Since that time, contribution limits to candidates have vastly increased and outside spending has risen exponentially. Public financing for state Supreme Court candidates who voluntarily agreed not to accept campaign contributions was repealed (in 2011) and now more money than ever before dictates the outcome of state Supreme Court elections and, increasingly, elections for state Court of Appeals, circuit court and even municipal court. Furthermore, the Wisconsin Legislature and Gov. Scott Walker enacted into law drastic changes to Wisconsin campaign finance law in 2015 that legalized campaign coordination between outside special interest groups and candidates. That means that “anything goes” and there is no wall between candidates and their financial backers.

As we said, the April vote and decision to reject the recusal proposal submitted in January by 54 retired judges — including two former Supreme Court Justices — was made without a public hearing. Individuals and organizations, including Common Cause in Wisconsin, were permitted to submit written comments to the court prior to the April vote, but the public was largely unaware that the shocking action by the Supreme Court even occurred because the conservative majority denied a request by the 54 retired jurists for a public hearing.

Here is what they proposed for recusal: For state Supreme Court justices, the threshold amount is $10,000; for judges on the state Court of Appeals, $2,500; for circuit court judges, $1,000; and for municipal court judges, $500. These are reasonable and prudent thresholds. But they were rejected, almost summarily, in one of the last “open conferences” the high court had. They have since voted (5 to 2, of course) to end even open conferences. Democracy dies in darkness.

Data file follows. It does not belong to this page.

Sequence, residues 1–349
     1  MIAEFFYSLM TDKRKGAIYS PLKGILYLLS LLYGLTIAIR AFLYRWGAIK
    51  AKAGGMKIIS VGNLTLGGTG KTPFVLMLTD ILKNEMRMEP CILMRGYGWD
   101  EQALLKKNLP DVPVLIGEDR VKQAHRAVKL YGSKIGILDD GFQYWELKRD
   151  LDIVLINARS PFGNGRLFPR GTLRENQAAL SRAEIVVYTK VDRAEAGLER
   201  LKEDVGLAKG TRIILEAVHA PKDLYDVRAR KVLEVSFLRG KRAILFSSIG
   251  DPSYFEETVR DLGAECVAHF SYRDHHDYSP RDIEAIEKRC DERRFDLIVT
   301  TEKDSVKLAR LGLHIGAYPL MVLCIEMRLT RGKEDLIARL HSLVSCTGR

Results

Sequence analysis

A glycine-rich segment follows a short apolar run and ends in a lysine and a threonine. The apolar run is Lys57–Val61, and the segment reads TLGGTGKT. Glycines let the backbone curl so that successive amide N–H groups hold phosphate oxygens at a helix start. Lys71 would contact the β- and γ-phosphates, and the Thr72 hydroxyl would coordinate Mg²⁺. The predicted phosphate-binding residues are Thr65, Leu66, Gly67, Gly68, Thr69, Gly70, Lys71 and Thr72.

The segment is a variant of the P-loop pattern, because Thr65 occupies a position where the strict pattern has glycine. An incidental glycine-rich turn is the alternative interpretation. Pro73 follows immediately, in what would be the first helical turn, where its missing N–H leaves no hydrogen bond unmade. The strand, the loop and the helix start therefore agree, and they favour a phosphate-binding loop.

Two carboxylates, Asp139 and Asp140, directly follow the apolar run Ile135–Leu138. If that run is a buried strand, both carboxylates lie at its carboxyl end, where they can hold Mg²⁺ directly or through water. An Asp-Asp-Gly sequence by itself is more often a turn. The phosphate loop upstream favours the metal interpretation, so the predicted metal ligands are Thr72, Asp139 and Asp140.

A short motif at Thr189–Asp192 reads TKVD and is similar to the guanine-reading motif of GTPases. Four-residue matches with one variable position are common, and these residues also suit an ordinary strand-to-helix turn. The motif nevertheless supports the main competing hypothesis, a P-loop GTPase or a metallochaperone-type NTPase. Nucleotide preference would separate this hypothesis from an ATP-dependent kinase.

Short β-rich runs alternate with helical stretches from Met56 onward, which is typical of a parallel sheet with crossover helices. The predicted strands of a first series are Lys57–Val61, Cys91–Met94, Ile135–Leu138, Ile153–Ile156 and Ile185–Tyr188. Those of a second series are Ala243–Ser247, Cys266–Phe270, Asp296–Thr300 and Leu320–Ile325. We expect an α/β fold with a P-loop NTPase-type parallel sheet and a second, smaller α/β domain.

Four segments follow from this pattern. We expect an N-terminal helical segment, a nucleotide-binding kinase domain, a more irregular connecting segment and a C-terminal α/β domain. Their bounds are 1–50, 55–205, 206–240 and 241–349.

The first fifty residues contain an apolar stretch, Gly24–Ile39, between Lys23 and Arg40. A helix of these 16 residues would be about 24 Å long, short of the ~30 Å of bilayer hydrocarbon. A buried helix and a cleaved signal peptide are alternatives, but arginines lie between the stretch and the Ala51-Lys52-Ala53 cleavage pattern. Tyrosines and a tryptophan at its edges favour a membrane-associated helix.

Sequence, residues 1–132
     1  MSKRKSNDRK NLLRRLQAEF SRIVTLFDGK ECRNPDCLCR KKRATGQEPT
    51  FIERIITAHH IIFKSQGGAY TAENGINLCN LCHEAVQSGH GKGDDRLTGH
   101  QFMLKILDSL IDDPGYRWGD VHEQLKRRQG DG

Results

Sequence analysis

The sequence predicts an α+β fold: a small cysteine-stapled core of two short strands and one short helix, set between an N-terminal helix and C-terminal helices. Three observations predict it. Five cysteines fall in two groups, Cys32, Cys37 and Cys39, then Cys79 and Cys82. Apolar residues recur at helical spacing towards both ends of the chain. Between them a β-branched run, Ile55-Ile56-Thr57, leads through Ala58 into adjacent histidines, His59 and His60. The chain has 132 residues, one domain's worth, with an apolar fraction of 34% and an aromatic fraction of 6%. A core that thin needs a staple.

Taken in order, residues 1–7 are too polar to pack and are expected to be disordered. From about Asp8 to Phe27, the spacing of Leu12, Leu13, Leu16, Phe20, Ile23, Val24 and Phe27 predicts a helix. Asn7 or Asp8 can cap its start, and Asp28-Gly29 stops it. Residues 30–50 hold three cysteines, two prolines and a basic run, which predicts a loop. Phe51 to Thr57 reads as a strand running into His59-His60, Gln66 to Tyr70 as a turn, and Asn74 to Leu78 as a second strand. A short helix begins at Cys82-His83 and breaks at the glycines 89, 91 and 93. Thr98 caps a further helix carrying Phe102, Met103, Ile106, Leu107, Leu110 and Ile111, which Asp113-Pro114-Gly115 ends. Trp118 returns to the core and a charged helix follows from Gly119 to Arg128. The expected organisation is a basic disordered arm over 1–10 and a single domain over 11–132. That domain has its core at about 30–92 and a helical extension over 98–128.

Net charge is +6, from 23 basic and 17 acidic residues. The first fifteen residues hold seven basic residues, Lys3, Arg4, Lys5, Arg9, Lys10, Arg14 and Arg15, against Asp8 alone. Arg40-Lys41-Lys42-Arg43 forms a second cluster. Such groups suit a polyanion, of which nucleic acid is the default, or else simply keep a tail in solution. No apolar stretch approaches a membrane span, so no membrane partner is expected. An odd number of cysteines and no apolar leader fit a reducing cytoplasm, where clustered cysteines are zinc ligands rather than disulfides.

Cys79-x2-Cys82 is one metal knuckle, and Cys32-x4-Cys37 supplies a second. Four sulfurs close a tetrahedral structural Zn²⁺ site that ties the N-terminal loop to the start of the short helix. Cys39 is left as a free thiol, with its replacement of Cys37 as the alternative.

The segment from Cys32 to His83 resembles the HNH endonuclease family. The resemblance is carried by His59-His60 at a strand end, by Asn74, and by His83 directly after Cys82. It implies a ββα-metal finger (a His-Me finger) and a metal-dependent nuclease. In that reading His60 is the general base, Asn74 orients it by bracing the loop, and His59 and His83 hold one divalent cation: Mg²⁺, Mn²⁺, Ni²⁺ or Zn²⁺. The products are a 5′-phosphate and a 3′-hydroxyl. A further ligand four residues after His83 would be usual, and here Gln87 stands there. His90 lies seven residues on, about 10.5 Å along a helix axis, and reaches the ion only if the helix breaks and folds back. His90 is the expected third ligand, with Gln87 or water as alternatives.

This recusal issue is not “settled” and is certain to be a big issue in the April 2018 state Supreme Court election in which a successor will be selected to replace retiring Justice Michael Gableman, a “poster child” for the need for a justice recuse him or herself and a leading opponent against sensible recusal standards. Already, two of the three candidates to replace Gableman have declared support for the retired judges’ proposal. Support for recusal will be central in the upcoming campaign.

With the conservative majority on Wisconsin’s highest court refusing to hold a public hearing on this critical issue, Common Cause stepped into the void and organized three public hearings in Wisconsin in October in which the public will hear from former judges and State Supreme Court Justices – and from you, real citizens.
  • At the October 11th public hearing in Milwaukee, panelists will include former Wisconsin Supreme Court Justice Louis Butler, former Milwaukee County Circuit Court Judge Michael Skwierawski, and Marquette Law Professor Edward Fallone, who was also a candidate for the Wisconsin Supreme Court in 2013.
  • At the October 24th public hearing in Madison, panelists will include Wisconsin Supreme Court Justices Shirley Abrahamson and Ann Walsh Bradley, and former Dane County Circuit Court Judge Gerald Nichol, who is also the former Chair of the non-partisan Wisconsin Government Accountability Board, which was dissolved in 2016.
Sensible recusal rules are needed to restore public confidence in Wisconsin’s judiciary, once a model for the nation. This issue is too important to allow deep-pocketed special interest groups and their proxies on the Wisconsin Supreme Court to simply crush it and attempt to sweep it out of the public eye.

These events are free and open to the public. Make plans to attend one of them, now.




CONTACT:

Jay Heck
608/256-2686 (office)
608/512-9363 (cell)




Common Cause in Wisconsin
152 W. Johnson St., Suite 212
Madison, WI  53703
608/256-2686

Want Good Government?
Join Common Cause in Wisconsin!
www.CommonCauseWisconsin.org



Read More...